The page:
Rugby union[10] (abbreviation RU[5]) is a form of rugby football played between teams of 15 players (in contrast to rugby league[5], which is played in teams of thirteen).

25a   More beloved // member embraced by the German (6)

"the German" = DER (show explanation )

In German, der[8] is one of the several forms that the definite article may assume.

hide explanation

26a   The fellow overdue comes round in the afternoon /to be/ companion (8)

Down

1d   Nipping one flower spoils a // plant (8)

Flower is used in the whimsical cryptic crossword sense of something that flows — in other words, a river.

The Po[7] is a river that arises in the Cottian Alps and flows eastward across northern Italy entering the Adriatic Sea through a delta near Venice.

The mariposa[10] (also called mariposa lily or mariposa tulip) is any of several liliaceous plants of the genus Calochortus, of the southwestern US and Mexico, having brightly coloured tulip-like flowers.

2d   Ordered // famous airman to finish prematurely (4)

Sir Douglas Bader[5] (1910–1982) was a British airman. Despite having lost both legs in a flying accident in 1931, he saw action as a fighter pilot during the Battle of Britain (1940-1). After the war he was noted for his work on behalf of disabled people.

3d   Line worker put around church // window (6)

"worker" = ANT (show explanation )

The phrase "worker" is commonly used in cryptic crossword puzzles to clue ANT.

A worker[5] is a neuter or undeveloped female bee, wasp, ant, or other social insect, large numbers of which do the basic work of the colony.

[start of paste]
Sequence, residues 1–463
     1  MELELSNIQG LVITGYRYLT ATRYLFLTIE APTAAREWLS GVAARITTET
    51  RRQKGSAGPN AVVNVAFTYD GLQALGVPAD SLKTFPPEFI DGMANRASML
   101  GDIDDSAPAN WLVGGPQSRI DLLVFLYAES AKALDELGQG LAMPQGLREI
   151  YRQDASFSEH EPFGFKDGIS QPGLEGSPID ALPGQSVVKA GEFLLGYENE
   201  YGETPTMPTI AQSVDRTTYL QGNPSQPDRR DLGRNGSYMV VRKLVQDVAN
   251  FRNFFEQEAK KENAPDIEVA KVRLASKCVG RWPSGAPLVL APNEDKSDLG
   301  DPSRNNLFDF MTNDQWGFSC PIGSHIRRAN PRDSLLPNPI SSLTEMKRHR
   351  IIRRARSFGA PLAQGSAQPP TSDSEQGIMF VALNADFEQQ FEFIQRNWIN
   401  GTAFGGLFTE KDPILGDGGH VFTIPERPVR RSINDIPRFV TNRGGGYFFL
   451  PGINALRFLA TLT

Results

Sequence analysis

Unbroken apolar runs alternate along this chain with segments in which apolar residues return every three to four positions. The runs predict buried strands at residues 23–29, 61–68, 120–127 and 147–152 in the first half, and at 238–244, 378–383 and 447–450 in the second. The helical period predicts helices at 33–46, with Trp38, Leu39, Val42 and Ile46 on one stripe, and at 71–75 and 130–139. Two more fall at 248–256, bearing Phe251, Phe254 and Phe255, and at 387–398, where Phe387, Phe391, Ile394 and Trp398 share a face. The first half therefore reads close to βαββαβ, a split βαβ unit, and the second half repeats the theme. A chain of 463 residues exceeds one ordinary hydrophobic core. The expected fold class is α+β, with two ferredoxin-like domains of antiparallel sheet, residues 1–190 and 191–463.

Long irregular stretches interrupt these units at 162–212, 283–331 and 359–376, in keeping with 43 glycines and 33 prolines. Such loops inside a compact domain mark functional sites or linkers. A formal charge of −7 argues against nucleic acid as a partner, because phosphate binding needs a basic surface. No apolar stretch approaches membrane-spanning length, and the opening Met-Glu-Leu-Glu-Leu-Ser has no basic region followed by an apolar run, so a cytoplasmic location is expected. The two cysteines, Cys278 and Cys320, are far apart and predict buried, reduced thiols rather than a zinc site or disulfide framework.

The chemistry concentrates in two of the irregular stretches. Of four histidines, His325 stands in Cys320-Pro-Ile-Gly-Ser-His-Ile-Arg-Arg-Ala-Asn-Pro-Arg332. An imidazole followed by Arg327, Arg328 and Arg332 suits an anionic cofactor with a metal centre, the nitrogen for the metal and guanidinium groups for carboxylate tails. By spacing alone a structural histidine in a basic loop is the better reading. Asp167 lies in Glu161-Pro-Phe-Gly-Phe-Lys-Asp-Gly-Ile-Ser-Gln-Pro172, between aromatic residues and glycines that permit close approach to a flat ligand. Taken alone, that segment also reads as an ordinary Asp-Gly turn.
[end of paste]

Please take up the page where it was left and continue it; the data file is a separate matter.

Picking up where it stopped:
In crossword puzzles, "worker" will most frequently be used to clue ANT and occasionally BEE but I have yet to see it used to clue WASP. Of course, "worker" is sometimes also used to clue HAND or MAN.

hide explanation

"church" = CE (show explanation )

The Church of England[10] (abbreviation CE[10]) is the reformed established state Church in England, Catholic in order and basic doctrine, with the Sovereign as its temporal head.

hide explanation

Lancet[10] is short for lancet window[10], a narrow window having a lancet arch (also called acute arch, Gothic arch, pointed arch, or ogive), a narrow acutely pointed arch having two centres of equal radii.

4d   Fruit around Australia /gets/ praise (8)

The International Vehicle Registration (IVR) code for Australia is AUS[5].

5d   Asleep, // Carol is interrupted by awful rumble (10)